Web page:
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Cross Timbers management creates wildlife habitat

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Plant succession in the Cross Timbers eco-region moves from grassland toward a closed canopy forest if left free from disturbances such as fire. Cross Timbers woodlands are usually comprised of oaks, Eastern red-cedar, elms, hackberry, greenbrier, poison ivy and several other woody plants. As consultants, we work with several managers who tell us that these closed canopy woodlands are left undisturbed because they are good habitat for wildlife, particularly white-tailed deer. In reality, these areas typically only fulfill a small portion of the habitat requirements of white-tailed deer.

Usually, very little herbaceous vegetation grows in mature Cross Timbers woodlands (Figure 1). About 44 percent of a white-tailed deer's annual diet is comprised of forbs, and, as you can see in Figure 1, very few forbs are available. About 41 percent of a white-tailed deer's annual diet is comprised of browse (woody plant parts), with acorns making up 8 percent of their annual diet. At first glance, it looks like ample woody vegetation exists for white-tailed deer to eat, but most of it is too high and, thus, unavailable for them to consume. These mature woodlands can produce a lot of acorns, which are very important to white-tailed deer. However, acorns are only available a few weeks out of the year.

Figure 1

Figure 1.

Figure 2

Figure 2.

One way to increase the available food for white-tailed deer is to introduce a little sunlight. A chainsaw, skid loader, bulldozer, herbicide or fire can reduce the amount of overhead cover and allow more sunlight to reach the ground to promote more herbaceous vegetation. The pictures in Figures 1 and 2 were taken at the same location and angle. Figure 1 was taken on Dec. 4, 2013, and Figure 2 was taken on Sept. 30, 2014. In between taking the two photos, the site was thinned with a chainsaw, leaving only a few oak trees. Stumps were not treated with herbicide to allow them to resprout so they can be browsed by deer. The site was also burned in March as part of a larger prescribed burn. There was no seed added to the soil because most sites have ample seed in the soil bank from when these sites were once prairie.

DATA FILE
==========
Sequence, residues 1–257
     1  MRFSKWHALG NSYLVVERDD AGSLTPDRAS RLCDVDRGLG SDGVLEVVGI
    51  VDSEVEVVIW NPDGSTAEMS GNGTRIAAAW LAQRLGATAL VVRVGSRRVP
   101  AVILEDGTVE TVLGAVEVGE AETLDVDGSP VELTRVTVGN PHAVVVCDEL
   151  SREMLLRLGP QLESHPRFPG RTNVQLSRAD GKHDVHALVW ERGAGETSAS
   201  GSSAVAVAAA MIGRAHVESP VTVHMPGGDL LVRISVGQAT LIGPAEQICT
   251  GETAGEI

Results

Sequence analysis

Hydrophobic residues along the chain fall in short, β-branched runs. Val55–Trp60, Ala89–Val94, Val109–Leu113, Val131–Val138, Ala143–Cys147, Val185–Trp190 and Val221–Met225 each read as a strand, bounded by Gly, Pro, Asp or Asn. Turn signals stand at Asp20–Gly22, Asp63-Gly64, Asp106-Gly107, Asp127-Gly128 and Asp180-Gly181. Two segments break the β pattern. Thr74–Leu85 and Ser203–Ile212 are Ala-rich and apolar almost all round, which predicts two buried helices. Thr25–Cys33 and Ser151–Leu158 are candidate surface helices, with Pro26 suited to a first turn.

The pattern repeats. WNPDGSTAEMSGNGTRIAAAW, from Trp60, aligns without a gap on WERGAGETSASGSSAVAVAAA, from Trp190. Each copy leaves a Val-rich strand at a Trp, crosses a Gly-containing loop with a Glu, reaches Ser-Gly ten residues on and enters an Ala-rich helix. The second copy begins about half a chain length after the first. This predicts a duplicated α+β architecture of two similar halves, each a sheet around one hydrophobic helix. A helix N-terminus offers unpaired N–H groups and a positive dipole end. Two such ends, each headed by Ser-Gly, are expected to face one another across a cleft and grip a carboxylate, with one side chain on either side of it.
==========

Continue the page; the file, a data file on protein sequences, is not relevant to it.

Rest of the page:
Usually, prescribed burning alone will not return such dramatic results, due to the low intensity of ground fires fueled only by tree leaves during typical prescribed burning conditions. Herbicides and mechanical treatments are usually needed to remove enough trees to get adequate results. Prescribed burns can then be used to maintain the openings. Mature Cross Timbers woodlands provide cover for white-tailed deer and are used by other animals such as woodpeckers and raccoons, so not all of the area should be thinned. Small openings can be created throughout a property to make more usable space for white-tailed deer and other animals. The openings can also be grazed by cattle since they are now grazeable acres, while the closed canopy woodlands were not.

Managers need to understand the habitat requirements of the animals that they want to promote and manage accordingly. Creating openings provides more edge and usable space for many animals.

Will Moseley has worked as a wildlife and fisheries consultant at Noble Research Institute since 2008. He received his bachelor’s degree in wildlife and fisheries management from Texas Tech University and his master’s degree in range and wildlife management from Texas A&M University – Kingsville. His primary interests are centered on using prescribed fire and grazing to improve ecosystem health on rangelands to benefit biodiversity.